Every time a notable death hits me hard, I end up thinking about Frank O’Hara’s “The Day Lady Died,” his elegy for Billie Holliday.
Thinking about it today, after Robin Williams’s death, makes it seem a very strange poem, and a kind of amazing contrast to the way we lived with and reacted to the news about Williams.
The speaker of “The Day Lady Died” spends most of his lines limning his lunchtime errands with notable checking of names and brands, a lot of them even more notable for being set in small caps. To me, this feels like an intoxicating consumer fantasy of a life in the arts in 1950s Manhattan: to spend one’s (considerable) money on lunch, books, booze, and smokes while looking forward to dinner with friends and strangers. It descends into what seems like parody as he considers buying “Hesiod, trans. Richmond Lattimore” and other things blatantly boho and blatantly phrased with pretention, like “Les Nègres / of Genet.”
I’m probably reading incorrectly or offensively how much names and brands, and the purchasing of names and brands, serve to make the speaker seem like a grotesque of the postwar cultured New Yorker, but the catalog of things he buys and considers buying make this part of the poem seem like it comes from a lifestyle magazine, from a slightly Atlanticized riff on “What Sort of Man Reads Playboy?” It feels much more like the kept life of George Peppard in Breakfast at Tiffany’s than an actual life. It is absolutely captivating.
And it is on top of this Midtown fantasy of everyday boho life that the inescapable oppression of Holliday’s death sits. When the speaker finally acknowledges the subject of the poem, finally breaks the tension the reader has felt waiting for the part about the dead person, It feels as if the title itself has been applying the unacknowledged weight to the lines below it. It becomes clear as the speaker “casually ask”s for cigarettes and, oh yeah, a newspaper carrying the reality and finality of what has happened, that all the purchasing and futzing about which status-signaling literature to purchase has been in the service of avoiding this moment.
Seen against the absence of Holliday’s name—even in the title, her sobriquet “Lady Day” is hidden in reversal, and in the text she is only “she” and “her”—the focus on proper nouns and brands can be seen as a welcome distraction. Consumerism is being used to avoid the ache of loss and terror of death. But the devastation of the memory of her at poem’s end suffuses everything, makes names—and the power man thinks he wields with his naming—puny.
Here’s a screen capture of trending topics tweeted by Mike Monteiro about an hour after the news about Williams broke wide. And it’s the polar opposite of the poem: One brand name and like a dozen references to the deceased.
Here, the presence of an unrelated corporate brand is presented and understood as a sick joke. There is no comfort in Chicken Fries, there is only the friction created by pre-programmed content trying to horn in on the discussion of the day and the recognition of its absurdity. Rather than drowning our mourning selves in consumerism, there’s a recognition that only a contextual consumerism is appropriate (my roommates right now are watching The Birdcage) and that it forms only part of our response.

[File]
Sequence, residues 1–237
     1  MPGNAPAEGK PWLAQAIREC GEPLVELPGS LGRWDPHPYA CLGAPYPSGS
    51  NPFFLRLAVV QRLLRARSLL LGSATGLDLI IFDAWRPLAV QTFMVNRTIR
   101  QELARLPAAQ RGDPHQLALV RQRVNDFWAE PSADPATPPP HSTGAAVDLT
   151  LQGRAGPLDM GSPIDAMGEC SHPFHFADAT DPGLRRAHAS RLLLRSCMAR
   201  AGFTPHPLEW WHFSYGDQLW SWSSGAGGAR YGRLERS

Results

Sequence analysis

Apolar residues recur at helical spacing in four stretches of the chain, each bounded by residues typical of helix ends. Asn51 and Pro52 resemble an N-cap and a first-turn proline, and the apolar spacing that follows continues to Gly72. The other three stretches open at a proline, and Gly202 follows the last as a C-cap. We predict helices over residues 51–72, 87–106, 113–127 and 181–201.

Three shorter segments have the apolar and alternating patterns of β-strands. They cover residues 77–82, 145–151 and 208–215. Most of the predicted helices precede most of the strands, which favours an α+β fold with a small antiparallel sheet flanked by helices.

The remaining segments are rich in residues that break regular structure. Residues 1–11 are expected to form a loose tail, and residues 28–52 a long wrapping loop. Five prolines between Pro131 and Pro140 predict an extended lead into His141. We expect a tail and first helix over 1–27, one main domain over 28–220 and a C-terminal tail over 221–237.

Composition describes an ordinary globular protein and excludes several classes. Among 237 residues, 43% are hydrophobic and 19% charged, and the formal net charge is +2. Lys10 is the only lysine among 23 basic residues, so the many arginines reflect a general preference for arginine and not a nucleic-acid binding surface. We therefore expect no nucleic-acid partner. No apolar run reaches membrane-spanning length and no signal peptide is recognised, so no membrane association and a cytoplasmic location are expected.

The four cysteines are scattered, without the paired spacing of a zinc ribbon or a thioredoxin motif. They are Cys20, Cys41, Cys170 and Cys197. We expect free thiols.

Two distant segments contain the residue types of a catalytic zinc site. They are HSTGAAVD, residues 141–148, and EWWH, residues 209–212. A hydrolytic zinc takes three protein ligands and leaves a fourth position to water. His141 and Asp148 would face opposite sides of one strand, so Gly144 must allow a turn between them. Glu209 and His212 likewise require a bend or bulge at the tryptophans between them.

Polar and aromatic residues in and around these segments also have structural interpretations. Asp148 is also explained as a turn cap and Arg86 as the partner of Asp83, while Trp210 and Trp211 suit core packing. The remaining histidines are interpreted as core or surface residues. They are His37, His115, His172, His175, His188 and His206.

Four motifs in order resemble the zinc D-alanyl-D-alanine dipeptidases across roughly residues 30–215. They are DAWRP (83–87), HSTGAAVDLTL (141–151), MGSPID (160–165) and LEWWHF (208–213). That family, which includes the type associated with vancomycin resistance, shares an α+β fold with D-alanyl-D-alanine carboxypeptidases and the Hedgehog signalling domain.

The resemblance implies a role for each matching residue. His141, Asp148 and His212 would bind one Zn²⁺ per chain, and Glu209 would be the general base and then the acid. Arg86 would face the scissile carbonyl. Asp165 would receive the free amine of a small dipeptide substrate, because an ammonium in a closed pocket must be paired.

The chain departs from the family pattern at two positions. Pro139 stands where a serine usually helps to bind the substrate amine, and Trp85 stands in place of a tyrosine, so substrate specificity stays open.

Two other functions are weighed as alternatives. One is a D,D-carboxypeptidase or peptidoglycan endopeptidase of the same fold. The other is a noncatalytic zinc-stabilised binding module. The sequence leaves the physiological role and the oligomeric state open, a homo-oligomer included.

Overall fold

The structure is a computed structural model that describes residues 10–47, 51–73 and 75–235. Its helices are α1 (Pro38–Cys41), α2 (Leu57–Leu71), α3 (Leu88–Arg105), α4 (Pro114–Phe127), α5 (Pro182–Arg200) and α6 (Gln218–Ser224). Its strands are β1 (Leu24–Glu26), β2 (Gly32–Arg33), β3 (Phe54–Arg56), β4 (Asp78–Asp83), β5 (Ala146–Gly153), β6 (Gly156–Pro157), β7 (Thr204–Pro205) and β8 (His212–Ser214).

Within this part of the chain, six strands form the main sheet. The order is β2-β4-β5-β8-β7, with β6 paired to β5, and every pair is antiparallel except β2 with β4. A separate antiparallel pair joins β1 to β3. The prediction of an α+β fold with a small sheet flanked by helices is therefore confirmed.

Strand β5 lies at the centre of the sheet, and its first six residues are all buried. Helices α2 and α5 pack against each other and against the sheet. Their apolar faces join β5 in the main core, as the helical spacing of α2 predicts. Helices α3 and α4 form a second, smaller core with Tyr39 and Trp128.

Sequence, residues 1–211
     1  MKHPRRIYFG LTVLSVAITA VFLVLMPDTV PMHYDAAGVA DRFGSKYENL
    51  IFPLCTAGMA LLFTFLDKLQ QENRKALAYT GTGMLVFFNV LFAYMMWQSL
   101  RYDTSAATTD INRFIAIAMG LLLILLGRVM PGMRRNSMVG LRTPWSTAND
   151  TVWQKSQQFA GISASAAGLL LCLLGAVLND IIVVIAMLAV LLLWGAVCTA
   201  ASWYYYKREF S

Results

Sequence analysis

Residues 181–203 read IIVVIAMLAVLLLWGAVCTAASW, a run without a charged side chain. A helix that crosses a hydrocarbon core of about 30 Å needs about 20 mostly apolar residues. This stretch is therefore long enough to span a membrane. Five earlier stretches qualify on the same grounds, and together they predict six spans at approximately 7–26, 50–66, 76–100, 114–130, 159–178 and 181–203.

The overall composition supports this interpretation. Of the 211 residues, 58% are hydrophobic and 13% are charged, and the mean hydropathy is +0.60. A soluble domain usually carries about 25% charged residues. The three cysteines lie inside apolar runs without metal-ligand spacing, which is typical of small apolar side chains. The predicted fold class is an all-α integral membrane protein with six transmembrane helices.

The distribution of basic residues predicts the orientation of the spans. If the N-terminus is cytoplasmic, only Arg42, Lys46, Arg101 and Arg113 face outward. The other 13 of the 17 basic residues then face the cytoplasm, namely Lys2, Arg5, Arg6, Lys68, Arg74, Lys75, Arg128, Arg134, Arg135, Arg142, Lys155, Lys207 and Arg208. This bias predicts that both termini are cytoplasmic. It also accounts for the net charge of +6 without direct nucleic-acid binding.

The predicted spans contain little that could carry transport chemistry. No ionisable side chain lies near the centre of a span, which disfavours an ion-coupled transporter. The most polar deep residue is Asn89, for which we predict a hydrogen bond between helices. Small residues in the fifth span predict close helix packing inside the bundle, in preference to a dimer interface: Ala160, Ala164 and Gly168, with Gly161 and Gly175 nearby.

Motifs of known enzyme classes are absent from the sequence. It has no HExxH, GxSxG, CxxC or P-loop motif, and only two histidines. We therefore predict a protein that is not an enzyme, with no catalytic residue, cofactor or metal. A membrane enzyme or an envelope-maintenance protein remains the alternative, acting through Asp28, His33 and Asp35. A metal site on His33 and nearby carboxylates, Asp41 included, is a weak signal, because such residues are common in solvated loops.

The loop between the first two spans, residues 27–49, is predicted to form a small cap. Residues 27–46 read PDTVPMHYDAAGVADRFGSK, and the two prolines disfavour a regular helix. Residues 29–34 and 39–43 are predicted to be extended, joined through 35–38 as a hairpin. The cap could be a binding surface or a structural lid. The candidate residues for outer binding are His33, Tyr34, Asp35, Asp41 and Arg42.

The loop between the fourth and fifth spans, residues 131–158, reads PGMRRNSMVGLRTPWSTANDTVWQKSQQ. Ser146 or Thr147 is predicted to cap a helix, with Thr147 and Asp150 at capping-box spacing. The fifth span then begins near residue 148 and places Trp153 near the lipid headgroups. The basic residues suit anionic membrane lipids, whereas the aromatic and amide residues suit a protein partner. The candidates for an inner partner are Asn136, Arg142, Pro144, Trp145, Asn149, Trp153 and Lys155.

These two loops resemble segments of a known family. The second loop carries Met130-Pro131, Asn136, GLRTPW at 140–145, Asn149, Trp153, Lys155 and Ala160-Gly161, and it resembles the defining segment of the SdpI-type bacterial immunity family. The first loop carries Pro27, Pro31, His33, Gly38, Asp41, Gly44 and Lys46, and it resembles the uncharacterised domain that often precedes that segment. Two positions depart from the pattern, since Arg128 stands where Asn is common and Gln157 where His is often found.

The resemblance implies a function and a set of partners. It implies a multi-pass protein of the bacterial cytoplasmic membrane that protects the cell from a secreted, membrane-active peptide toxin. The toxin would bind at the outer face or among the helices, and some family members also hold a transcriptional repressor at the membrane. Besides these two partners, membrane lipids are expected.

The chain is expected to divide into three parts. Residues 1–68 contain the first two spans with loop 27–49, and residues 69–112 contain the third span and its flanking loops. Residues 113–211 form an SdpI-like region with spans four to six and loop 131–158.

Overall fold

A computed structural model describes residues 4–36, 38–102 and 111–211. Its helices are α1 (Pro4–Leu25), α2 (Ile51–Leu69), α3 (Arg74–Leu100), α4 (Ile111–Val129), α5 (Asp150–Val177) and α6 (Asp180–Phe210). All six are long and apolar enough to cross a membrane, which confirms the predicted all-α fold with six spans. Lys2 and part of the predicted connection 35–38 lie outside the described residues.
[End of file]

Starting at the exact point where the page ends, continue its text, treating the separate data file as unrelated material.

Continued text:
The brand names that we on social media distracted ourselves with were no distraction at all—they were “Robin Williams” and the names of his works. I don’t think anyone will disagree that we all felt the magnitude of the event, and that we or people we know are as moved by the death of Williams as the poem’s speaker was by that of Holliday. But clearly we have vastly different ways of coping with loss than our poor speaker does.
O’Hara’s speaker attempts to note—in proper-noun specifics down to the proximity of the nearest holiday—the details of a day that have names attached to them and can be taken as a (fantasy) version of normality. He attempts to locate himself in this specific name-branded day to avoid engulfing, timeless loss.
On the internet, though, we brought together immediate feelings, memories of Williams and his work, and clips from throughout his career. We located—or lost—ourselves in a kind of timeless, borderless soup of recognitions of his absence and recreations of his presence. It’s hard not to think of this as the healthier of the two responses.
It’s also hard—even if we stay away from cultural criticism—not to pick up on echoes of menace and the death instinct in “The Day Lady Died” that O’Hara probably didn’t intend. His speaker is buying four hundred cigarettes for the weekend, for Christ’s sake (probably for two people, sure, but still, damn). His version of normality is already soaked in death even on days when Billie Holliday has not died.
And I am sure similar accusations can be leveled at us as we stare at screens in our coping. In that spirit, here is footage of Frank O’Hara reading “The Day Lady Died” and I want you to watch it with the knowledge in mind that (as is stated earlier in the video) this performance was filmed just weeks before O’Hara’s own death from an auto accident.